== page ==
Apple has sliced the price on the Cube, added a CD-RW model, and made Nvidia’s GeForce 2MX card a build-to-order option. But don’t look for the GeForce 3 to come to the Cube anytime soon.
The GeForce3, “the world’s most advanced GPU (graphical processing unit),” was announced this week at Macworld Tokyo. It will be a build-to-order option for Power Mac G4 towers. The card will sport over 57 million transistors and the ability to perform more than 800 billion operations per second and 76 billion floating-point operations per second (FLOPS).
“The GeForce 2MX GPU has a lower power consumption than the GeForce 3,” Stan Ng, product line manager of Apple’s G4 group, told MacCentral. “And this is necessary to keep the Cube quiet and fanless, which is one of its design goals.”
As announced during the Feb. 22 Macworld Tokyo keynote by Apple CEO Steve Jobs, the Cube, which has been selling for US $1,499, has seen its price slashed to $1,299. A new $1,499 version of the Cube replaces the DVD-ROM with a CD-RW drive.
The new Power Mac G4 Cube includes a 450 MHz PowerPC G4 processor with Velocity Engine, 128MB of memory, 20GB of storage, a slot-loading CD-RW drive on top, two FireWire and two USB ports, 10/100BASE-T Ethernet and a 56K V.90 modem. And it comes preloaded with iTunes and iMovie 2 software.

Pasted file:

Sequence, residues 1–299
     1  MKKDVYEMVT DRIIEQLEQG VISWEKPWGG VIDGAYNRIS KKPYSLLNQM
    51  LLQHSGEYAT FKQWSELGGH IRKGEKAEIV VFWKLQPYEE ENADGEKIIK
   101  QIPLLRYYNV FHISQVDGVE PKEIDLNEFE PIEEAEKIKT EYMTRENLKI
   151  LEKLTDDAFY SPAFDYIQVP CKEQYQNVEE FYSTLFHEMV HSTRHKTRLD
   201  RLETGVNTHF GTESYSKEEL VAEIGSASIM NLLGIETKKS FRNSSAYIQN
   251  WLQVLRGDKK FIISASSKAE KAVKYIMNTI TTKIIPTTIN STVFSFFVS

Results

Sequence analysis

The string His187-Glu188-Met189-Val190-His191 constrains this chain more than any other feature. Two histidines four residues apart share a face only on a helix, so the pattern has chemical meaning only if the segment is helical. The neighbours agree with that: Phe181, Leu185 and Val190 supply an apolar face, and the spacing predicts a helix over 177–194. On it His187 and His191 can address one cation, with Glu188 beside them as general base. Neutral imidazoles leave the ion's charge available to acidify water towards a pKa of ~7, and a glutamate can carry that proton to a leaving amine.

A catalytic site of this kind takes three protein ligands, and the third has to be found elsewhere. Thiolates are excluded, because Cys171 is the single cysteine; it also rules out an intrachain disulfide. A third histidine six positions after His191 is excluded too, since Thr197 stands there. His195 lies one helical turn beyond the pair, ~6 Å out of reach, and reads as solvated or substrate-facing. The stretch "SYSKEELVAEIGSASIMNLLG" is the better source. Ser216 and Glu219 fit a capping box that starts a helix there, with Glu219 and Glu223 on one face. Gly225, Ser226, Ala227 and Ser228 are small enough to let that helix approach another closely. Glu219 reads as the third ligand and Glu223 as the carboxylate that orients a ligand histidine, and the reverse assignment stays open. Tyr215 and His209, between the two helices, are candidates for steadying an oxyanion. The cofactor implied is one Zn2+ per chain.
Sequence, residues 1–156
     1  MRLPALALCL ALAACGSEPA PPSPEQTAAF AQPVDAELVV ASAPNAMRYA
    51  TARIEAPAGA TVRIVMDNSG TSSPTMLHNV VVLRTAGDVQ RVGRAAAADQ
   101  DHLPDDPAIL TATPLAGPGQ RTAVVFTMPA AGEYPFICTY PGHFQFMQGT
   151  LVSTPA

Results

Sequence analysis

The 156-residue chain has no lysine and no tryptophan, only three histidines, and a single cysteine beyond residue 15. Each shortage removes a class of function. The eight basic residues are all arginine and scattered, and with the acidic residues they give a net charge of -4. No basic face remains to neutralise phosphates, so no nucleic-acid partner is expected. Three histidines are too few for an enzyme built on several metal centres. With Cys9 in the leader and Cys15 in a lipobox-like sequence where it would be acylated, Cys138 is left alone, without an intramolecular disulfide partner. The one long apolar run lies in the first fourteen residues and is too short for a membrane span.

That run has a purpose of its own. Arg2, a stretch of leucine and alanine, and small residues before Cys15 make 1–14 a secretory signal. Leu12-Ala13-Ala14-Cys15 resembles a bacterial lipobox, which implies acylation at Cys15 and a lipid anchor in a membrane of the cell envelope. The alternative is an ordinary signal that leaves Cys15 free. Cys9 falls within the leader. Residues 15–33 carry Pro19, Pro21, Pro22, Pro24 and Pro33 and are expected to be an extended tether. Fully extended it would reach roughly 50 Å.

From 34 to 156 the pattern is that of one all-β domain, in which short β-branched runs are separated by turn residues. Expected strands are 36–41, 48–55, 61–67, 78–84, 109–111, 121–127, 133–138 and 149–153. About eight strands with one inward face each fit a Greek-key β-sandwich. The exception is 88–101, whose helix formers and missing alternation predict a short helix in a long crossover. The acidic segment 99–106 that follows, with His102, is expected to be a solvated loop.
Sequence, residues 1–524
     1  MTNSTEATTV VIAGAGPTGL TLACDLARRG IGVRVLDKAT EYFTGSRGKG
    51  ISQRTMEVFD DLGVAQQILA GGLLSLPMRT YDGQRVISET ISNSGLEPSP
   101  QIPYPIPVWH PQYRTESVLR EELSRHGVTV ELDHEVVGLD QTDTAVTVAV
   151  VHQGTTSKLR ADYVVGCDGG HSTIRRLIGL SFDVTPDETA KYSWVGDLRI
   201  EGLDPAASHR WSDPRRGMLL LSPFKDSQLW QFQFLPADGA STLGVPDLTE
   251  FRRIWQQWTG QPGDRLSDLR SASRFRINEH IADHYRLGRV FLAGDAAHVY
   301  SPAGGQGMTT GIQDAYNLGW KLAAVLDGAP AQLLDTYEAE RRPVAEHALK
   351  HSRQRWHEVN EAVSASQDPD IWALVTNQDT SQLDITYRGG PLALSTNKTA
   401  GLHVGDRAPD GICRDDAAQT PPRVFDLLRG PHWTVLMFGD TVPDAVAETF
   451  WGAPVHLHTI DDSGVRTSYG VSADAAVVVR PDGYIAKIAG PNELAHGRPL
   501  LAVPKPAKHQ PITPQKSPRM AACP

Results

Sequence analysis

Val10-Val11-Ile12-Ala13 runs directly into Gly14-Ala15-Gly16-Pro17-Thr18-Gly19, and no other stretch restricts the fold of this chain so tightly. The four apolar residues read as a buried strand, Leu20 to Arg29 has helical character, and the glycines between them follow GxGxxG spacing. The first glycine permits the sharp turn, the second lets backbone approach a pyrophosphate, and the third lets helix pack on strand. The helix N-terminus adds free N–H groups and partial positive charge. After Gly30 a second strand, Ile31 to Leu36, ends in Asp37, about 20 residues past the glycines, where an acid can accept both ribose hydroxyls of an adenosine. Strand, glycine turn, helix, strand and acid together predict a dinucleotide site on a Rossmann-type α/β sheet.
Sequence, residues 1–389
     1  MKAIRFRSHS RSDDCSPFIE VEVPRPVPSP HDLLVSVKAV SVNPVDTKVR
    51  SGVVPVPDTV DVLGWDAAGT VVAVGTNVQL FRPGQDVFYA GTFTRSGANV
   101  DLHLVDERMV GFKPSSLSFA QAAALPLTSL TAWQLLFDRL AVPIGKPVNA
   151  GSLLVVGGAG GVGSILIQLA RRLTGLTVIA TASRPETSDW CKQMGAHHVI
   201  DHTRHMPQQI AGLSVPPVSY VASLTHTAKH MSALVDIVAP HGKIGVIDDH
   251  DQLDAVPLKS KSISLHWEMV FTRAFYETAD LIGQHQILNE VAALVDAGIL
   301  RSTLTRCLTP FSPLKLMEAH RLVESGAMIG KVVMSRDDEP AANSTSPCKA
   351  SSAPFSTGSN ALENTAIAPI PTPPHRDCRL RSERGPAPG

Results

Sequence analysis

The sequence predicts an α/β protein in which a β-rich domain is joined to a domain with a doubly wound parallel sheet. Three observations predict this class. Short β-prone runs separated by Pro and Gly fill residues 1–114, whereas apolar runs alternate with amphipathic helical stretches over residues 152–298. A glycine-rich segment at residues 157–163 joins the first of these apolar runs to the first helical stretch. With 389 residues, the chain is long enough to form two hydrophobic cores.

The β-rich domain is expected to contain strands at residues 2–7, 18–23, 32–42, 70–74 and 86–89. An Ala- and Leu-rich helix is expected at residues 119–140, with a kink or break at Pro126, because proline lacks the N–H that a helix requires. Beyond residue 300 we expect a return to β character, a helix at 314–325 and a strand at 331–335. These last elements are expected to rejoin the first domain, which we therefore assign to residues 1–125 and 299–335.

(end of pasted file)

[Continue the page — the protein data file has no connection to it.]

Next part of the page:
Build-to-order options available on The Apple Store (http://www.apple.com) include 500 MHz PowerPC G4 processors, memory up to 1.5GB, Nvidia GEForce2 MX with 32MB of SDRAM or ATI RADEON with 32MB of DDR RAM, up to 60GB ATA/66 hard disk drive, a slot-loading DVD-ROM drive, AirPort Card and AirPort Base Station, and Harman Kardon SoundSticks speakers and subwoofer.
“The powerful and stunning G4 Cube is now even more irresistible with the addition of a CD-RW drive and iTunes,” said Jobs. “Now you can have the combination of G4 power, stunning design, and the most amazing entertainment center in the world with iMovie 2 and iTunes.”
There had also been pre-expo rumors that you would see Cubes in new, translucent colors (think “iCubes”), but they didn’t materialize. However, long-rumored price cuts on the 22-inch Apple Cinema Display did take place (to the tune of US $1,000).
“Flat panel displays are the future of what we’re trying to do,” Ng said.